I'm of the camp that feels perl should have a fixed epoch rather than the
epoch of the underlining OS. Furthermore, I can understand that the OS
epoch can also be important when looking outside of perl. Thinking this
over for a while it occurred to me that time() currently has no arguments
and that an epoch argument would seemingly solve all our problems.


time() - returns seconds since Perl epoch
time("sys") - seconds since start of OS epoch
time("tai") - seconds since TAI began
time("jul") - seconds since julian day 0
time("vms") - seconds since VMS epoch (MJD 0)
time("wall") - seconds since Larry Wall was born
etc.

The only assumption here is that time() returns seconds (not necessarily
integers) from an epoch and that Perl epoch is the thing expected by the
localtime() replacement. Whether time() returns fractioanl seconds or a
libtai object (with seconds and nanoseconds) is another issue. All of
these are simply integer second offsets from each other.

--
Tim Jenness
JCMT software engineer/Support scientist
http://www.jach.hawaii.edu/~timj

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  • Chris Nandor at Aug 20, 2000 at 11:34 am

    At 15:02 -1000 2000.08.19, Tim Jenness wrote:
    I'm of the camp that feels perl should have a fixed epoch rather than the
    epoch of the underlining OS. Furthermore, I can understand that the OS
    epoch can also be important when looking outside of perl. Thinking this
    over for a while it occurred to me that time() currently has no arguments
    and that an epoch argument would seemingly solve all our problems.


    time() - returns seconds since Perl epoch
    time("sys") - seconds since start of OS epoch
    time("tai") - seconds since TAI began
    time("jul") - seconds since julian day 0
    time("vms") - seconds since VMS epoch (MJD 0)
    time("wall") - seconds since Larry Wall was born
    etc.

    The only assumption here is that time() returns seconds (not necessarily
    integers) from an epoch and that Perl epoch is the thing expected by the
    localtime() replacement. Whether time() returns fractioanl seconds or a
    libtai object (with seconds and nanoseconds) is another issue.
    So what would (stat($_))[8,9,10] return? :)

    I think maybe what should happen instead is that a function or module be
    provided to handle epoch conversions, to and from the default "Perl" epoch.
    perl2epoch($perlsec, 'vms'), epoch2perl($vmssec, 'vms').

    All of
    these are simply integer second offsets from each other.
    Not quite. For Mac OS, you'd need a third time zone argument (perhaps
    offset from GMT), since Mac OS epoch is seconds sin Jan 01, 1904 00:00:00
    _local time_: perl2epoch($perlsec, 'macos', '-0500'). Yummy.

    Anyway, here is some code that works.


    #!perl -wl
    my $perlsec = 966770661;
    my $epochsec = perl2epoch($perlsec, 'macos', '-0400');
    my $perlsec2 = epoch2perl($epochsec, 'macos');

    print $perlsec;
    print $perlsec2;
    print $epochsec;
    print scalar localtime $epochsec;

    sub perl2epoch {
    my($perlsec, $epoch, @extra) = @_;
    my $epochsec;

    if ($epoch eq 'macos') {
    $epochsec = $perlsec + macos_offset();
    $epochsec += tz_offset($extra[0]);
    }

    return $epochsec;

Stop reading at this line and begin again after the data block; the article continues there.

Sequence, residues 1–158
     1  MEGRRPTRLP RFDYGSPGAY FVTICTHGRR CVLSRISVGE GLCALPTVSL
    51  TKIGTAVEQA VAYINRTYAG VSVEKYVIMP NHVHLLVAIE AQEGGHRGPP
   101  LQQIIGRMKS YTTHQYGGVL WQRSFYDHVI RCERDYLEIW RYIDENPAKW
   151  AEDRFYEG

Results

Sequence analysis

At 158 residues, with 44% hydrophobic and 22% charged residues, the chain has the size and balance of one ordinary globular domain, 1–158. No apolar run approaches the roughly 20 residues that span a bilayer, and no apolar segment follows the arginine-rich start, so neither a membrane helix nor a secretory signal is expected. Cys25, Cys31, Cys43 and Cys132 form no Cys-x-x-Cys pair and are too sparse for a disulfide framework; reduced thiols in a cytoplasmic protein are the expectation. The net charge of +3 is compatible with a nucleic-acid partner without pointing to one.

}

    sub epoch2perl {
    my($epochsec, $epoch, @extra) = @_;
    my $perlsec;

    if ($epoch eq 'macos') {
    $perlsec = $epochsec - macos_offset();
    $perlsec -= tz_offset($extra[0]);
    }

    return $perlsec;

    }

    sub macos_offset () { 2082844801 }

    # guess with Time::Local if not provided?
    sub tz_offset {
    my($offset) = @_;
    my $tz_offset;

    if ($offset) {
    $tz_offset = $offset * 36;
    } else {
    require Time::Local;
    $tz_offset = sprintf "%+0.4d\n", (Time::Local::timelocal(localtime)
    - Time::Local::timelocal(gmtime));
    }

    return $tz_offset;
    }

    Returns:

    966770661
    966770661
    3049601062
    Sun Aug 20 07:24:22 2000

    --
    Chris Nandor | pudge@pobox.com | http://pudge.net/
    Andover.Net | chris.nandor@andover.net | http://slashcode.com/
  • Tim Jenness at Aug 20, 2000 at 7:48 pm

    On Sun, 20 Aug 2000, Chris Nandor wrote:
    At 15:02 -1000 2000.08.19, Tim Jenness wrote:
    I'm of the camp that feels perl should have a fixed epoch rather than the
    epoch of the underlining OS. Furthermore, I can understand that the OS
    epoch can also be important when looking outside of perl. Thinking this
    over for a while it occurred to me that time() currently has no arguments
    and that an epoch argument would seemingly solve all our problems.


    time() - returns seconds since Perl epoch
    time("sys") - seconds since start of OS epoch
    time("tai") - seconds since TAI began
    time("jul") - seconds since julian day 0
    time("vms") - seconds since VMS epoch (MJD 0)
    time("wall") - seconds since Larry Wall was born
    etc.

    The only assumption here is that time() returns seconds (not necessarily
    integers) from an epoch and that Perl epoch is the thing expected by the
    localtime() replacement. Whether time() returns fractioanl seconds or a
    libtai object (with seconds and nanoseconds) is another issue.
    So what would (stat($_))[8,9,10] return? :)
    System calls will return Perl epoch - it would be a bit confusing if some
    functions returned system epoch and others perl epoch. Your
    perl2epoch() command could be used to convert to 'system' epoch if
    required.
    I think maybe what should happen instead is that a function or module be
    provided to handle epoch conversions, to and from the default "Perl" epoch.
    perl2epoch($perlsec, 'vms'), epoch2perl($vmssec, 'vms').
    Fine with me. I was just making use of the fact that time() has no
    arguments.

    --
    Tim Jenness
    JCMT software engineer/Support scientist
    http://www.jach.hawaii.edu/~timj

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